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Vanderslice Video Captures Studio Reality - ProSoundNetwork.com

Vanderslice Video Captures Studio Reality

John Vanderslice set out to capture the reality of recording in the video for “How The West Was Won” from his new album, Dagger Beach. If anyone knows about real life in the studio, it’s Vanderslice, who founded San Francisco’s resolutely analog Tiny Telephone Studio in 1997. Catch the cool clip and commentary here.
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We’ve all seen those cheesy music videos where the band is rockin’ out in the studio, the singer walks in and starts belting, and the producer behind the glass gives the big thumbs-up because they're recording an instant classic in one take (We're looking at you, Eddie Murphy).

Of course, the reality of recording is a little different—and that’s exactly what John Vanderslice set out to capture in the clip for “How The West Was Won” from his new album, Dagger Beach. If anyone knows about studio life, it’s Vanderslice, who founded San Francisco’s resolutely analog Tiny Telephone Studio in 1997, and video director Jake Wachtel, who’s recorded there, too.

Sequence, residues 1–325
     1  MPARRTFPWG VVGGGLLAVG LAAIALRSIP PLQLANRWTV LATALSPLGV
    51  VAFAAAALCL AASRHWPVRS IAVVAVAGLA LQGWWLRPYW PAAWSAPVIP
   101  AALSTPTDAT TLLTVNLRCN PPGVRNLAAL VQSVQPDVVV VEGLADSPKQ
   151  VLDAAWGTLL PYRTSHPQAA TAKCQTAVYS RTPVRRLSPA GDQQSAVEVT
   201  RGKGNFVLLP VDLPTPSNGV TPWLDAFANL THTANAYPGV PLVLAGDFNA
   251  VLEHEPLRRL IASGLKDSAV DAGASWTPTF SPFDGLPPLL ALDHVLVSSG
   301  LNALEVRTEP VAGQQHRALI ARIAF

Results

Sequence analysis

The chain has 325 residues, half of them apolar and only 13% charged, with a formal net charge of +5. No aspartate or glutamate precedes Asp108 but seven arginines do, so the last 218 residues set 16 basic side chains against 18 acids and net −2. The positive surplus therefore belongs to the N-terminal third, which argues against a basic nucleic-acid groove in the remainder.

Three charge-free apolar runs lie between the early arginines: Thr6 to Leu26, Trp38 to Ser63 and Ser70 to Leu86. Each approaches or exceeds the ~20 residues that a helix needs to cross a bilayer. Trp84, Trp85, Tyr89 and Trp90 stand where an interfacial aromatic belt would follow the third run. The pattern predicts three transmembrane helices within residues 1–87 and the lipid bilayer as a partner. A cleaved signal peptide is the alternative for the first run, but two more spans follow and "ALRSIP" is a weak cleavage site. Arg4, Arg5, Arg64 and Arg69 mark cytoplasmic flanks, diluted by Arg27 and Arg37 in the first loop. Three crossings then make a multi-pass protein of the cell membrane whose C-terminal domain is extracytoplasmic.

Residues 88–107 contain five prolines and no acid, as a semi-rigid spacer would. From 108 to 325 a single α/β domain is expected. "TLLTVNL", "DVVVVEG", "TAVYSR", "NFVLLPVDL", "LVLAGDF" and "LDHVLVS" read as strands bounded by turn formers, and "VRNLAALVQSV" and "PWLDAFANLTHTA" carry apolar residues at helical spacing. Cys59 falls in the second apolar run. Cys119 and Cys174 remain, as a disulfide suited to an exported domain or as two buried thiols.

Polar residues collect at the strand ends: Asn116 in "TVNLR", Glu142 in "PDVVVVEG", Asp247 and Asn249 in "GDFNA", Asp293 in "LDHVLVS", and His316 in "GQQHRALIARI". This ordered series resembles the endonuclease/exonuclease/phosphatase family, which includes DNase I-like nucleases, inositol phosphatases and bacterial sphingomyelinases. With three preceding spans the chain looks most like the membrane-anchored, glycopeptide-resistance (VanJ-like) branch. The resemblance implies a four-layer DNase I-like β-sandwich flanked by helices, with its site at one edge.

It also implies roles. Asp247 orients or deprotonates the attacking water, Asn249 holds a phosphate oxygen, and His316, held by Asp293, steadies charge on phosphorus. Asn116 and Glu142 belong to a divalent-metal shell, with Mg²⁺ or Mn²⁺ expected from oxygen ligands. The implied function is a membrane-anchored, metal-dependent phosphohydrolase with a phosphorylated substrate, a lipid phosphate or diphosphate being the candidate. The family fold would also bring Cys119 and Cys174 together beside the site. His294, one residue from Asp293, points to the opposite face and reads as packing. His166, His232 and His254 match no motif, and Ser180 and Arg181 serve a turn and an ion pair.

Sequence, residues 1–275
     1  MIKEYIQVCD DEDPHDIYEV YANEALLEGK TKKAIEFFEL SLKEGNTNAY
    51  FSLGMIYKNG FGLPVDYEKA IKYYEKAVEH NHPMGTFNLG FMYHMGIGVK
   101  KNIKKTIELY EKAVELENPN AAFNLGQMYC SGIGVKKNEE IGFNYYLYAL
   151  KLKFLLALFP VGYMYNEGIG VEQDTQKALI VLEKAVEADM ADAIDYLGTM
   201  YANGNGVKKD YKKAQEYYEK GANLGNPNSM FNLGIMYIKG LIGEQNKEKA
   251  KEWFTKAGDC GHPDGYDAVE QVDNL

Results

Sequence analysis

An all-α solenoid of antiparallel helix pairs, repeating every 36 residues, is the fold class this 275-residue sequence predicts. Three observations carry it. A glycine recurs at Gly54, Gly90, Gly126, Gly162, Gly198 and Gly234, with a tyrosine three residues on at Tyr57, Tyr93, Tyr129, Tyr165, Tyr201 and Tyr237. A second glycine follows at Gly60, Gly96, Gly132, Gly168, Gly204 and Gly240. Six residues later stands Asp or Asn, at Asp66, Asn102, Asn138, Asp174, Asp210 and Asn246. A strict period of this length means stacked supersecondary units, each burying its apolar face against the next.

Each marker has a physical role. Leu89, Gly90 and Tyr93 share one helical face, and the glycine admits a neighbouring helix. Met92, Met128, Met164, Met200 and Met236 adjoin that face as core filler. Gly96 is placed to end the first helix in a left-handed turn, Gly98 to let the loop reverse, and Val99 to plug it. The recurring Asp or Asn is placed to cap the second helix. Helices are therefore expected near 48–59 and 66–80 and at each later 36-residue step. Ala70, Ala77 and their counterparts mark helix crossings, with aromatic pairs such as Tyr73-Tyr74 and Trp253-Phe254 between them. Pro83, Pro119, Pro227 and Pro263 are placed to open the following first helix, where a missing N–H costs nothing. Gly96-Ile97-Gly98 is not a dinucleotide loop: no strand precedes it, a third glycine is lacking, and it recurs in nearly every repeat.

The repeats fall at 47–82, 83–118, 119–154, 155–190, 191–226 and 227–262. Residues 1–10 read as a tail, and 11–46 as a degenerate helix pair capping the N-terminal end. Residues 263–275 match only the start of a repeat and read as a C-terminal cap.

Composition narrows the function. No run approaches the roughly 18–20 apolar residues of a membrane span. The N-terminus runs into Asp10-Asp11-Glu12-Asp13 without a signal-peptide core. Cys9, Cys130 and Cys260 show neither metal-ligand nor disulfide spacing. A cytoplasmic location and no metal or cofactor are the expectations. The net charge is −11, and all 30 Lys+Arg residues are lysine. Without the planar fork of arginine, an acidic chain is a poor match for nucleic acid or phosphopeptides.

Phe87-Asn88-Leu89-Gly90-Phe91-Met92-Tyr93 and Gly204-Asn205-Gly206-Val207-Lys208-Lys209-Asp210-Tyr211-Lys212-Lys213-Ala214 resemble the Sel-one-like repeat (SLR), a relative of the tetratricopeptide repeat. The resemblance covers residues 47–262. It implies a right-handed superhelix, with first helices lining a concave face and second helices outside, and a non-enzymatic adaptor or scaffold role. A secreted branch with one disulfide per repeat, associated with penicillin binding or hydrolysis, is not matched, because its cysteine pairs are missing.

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"I wanted to make a performance video that was more like a documentary of recording at Tiny Telephone,” said Vanderslice on his website. “Jake kept everything naturalistic and loose. I love the musicians and engineers who work at the studio and just wanted show them at work, doing the heavy lifting on records, obsessing about their craft, eating delicious tacos, and having a blast doing it."

Wachtel captured the studio’s vibe well, noting, “Its chock full of incredibly beautiful analog gear and there's a palpable sense of family among all the engineers who work there. So the idea of the music video was to try to capture the vibe of this specific place and family, and also to give a little glimpse into all the crazy behind the scenes work that goes into making a record—hooking innumerable cables into the patch bay, fixing the synth right before the session started, swabbing the tape machine with a Q-Tip, trekking out into the mission district to refuel with abundant burritos, hanging out in the control room and dissecting the philosophical underpinnings of Karate Kid (see if you can catch drummer Jason Slota's wax-on moment). All of these tactile, physical moments from the recording session are there when you listen to a piece of music, folded into the fabric of the recording. We wanted to give these moments their due."

What other in-the-studio videos should people keep an eye out for? Is there an aspect of studio life they missed in this one? Share your thoughts in the comments below!